Breast cancer is the most common cancer in women in the United States, aside from skin cancer. According to the American Cancer Society (ACS), an estimated 192,370 new cases of invasive breast cancer are expected to be diagnosed among women in the United States this year.
Breast cancer is the second leading cause of cancer death in women (after lung cancer). Although African-American women have a slightly lower incidence of breast cancer after age 40 than Caucasian women, they have a slightly higher incidence rate of breast cancer before age 40.
Breast cancer occurs less often among women in Asian countries (such as China and Korea) than among women in Western countries (such as the United States and Europe). In Hong Kong, where the population stands at nearly 7 million, 2,273 new cases were diagnosed in 2004 and 454 women died from it.
Research has shown, however, that breast cancer now is being diagnosed more frequently among women living in Asian countries, especially among younger women. This is an alarming trend. According to breastcancer.org , the researchers don't explain why this is happening. In the past, the diets and lifestyles of Asian women supported a lower risk of breast cancer compared to Western women. The average woman living in an Asian country:
- eats more fresh vegetables
- is closer to her ideal body weight
- is more physically active
- is less likely to drink significant amounts of alcohol
These are some of the same habits that lead to a longer, healthier life. Click here to go to my recent blog on noted Physician Dr. Shigeaki Hinohara and his tips for anti-aging.
It's possible that some of the increase in breast cancer diagnoses is the result of more younger women in Asian countries adopting a typical Western diet and lifestyle. Research has shown that Asian women who live in the United States and have adopted a typical Western diet and lifestyle have breast cancer rates similar to the general U.S. population.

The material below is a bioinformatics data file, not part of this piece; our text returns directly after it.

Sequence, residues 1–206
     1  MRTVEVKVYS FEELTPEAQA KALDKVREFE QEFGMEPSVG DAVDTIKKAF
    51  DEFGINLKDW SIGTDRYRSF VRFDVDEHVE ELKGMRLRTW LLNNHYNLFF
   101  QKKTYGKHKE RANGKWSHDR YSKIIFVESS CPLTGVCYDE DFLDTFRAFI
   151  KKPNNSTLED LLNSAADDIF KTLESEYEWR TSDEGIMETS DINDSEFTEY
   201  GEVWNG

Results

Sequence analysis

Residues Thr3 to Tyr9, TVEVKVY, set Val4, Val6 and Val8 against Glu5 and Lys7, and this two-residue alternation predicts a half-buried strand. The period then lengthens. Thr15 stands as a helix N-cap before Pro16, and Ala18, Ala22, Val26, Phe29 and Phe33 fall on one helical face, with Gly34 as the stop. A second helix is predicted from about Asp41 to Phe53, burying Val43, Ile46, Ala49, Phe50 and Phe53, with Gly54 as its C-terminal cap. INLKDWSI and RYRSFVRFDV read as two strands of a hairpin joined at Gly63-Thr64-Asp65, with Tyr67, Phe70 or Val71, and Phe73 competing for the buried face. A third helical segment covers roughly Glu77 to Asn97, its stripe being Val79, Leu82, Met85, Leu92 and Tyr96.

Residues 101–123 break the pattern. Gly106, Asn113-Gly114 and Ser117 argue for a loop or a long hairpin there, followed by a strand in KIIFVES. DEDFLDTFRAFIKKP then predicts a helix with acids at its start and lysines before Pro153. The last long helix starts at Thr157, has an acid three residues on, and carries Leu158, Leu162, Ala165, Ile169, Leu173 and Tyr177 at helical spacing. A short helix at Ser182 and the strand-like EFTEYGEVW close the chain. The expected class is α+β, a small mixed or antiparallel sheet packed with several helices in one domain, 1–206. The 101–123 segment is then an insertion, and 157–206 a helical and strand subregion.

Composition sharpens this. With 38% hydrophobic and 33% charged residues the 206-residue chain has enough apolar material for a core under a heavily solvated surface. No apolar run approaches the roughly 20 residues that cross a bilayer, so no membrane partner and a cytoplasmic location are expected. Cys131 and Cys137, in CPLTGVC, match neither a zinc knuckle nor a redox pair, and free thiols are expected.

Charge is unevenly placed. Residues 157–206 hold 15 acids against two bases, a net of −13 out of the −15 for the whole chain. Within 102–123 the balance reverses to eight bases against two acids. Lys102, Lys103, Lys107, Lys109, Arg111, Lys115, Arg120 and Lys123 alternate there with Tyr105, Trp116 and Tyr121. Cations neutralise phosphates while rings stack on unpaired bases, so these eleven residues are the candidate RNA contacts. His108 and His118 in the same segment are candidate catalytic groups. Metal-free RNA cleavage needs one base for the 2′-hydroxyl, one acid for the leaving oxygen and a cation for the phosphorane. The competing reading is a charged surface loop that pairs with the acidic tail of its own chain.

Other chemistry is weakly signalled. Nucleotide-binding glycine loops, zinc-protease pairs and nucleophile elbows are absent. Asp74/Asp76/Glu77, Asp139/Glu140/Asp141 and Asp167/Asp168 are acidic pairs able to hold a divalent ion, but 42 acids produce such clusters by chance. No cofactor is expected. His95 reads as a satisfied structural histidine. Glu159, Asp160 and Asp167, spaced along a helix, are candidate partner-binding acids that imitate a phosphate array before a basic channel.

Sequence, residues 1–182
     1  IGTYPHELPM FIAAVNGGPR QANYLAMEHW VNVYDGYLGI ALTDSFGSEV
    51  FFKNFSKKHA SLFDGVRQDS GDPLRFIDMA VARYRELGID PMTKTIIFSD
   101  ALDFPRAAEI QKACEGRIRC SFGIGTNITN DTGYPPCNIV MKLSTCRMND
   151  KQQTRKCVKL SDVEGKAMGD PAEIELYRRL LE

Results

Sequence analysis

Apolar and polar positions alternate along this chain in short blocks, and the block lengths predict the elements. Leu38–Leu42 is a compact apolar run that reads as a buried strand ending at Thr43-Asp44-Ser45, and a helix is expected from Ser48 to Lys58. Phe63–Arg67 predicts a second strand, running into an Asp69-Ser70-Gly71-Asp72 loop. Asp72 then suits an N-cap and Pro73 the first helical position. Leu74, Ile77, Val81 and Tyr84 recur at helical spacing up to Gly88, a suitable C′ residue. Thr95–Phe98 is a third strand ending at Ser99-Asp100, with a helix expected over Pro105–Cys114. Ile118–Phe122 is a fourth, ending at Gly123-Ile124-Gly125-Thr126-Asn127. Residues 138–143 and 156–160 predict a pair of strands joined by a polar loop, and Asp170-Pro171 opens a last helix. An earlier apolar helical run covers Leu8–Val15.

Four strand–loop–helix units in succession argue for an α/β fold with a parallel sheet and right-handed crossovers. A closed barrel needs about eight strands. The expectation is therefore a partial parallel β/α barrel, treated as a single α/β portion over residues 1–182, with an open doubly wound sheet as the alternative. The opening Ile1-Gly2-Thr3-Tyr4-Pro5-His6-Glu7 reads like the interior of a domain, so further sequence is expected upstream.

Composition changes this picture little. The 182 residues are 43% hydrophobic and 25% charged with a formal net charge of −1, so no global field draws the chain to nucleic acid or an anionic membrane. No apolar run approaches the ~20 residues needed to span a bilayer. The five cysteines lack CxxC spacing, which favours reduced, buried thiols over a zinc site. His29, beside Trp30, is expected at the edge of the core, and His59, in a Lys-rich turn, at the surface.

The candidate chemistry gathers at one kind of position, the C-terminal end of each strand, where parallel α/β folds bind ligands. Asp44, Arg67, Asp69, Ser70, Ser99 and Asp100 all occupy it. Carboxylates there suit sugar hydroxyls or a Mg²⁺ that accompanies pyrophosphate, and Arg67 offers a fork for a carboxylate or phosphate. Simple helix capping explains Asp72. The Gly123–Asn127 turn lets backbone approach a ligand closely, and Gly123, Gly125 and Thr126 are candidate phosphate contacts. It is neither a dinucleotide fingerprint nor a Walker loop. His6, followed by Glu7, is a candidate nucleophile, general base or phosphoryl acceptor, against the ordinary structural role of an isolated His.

It's also possible that other environmental factors are contributing to the rising rate of breast cancer among women living in Asia. Much has been written about higher levels of pollution that have been brought about by rapid industrial growth in China. Environmental factors such as air and water pollution have been associated with cancer.
The researchers also point out that a large number of women in Asia (70%) don't get regular mammograms. Because breast cancer rates are increasing, Asian governments and healthcare systems will have to work harder to boost awareness of breast cancer risk and the importance of annual screenings.Happily, today, there are about 2.5 million breast cancer survivors living in the United States. Since 1990, more and more women have been surviving breast cancer, largely because of early detection through mammography and improvements in treatment.
Take time today to reach out to a Breast Cancer patient. Chances are good you know one personally - in your family, or where you work. Look for one of the many events in your area that are scheduled as part of National Breast Cancer Awareness Month, and commit part of your Time, Talent, or Treasure to help fight this disease.
But most importantly, click here to familiarize yourself with the benefits of early detection.
The life you save may be your own.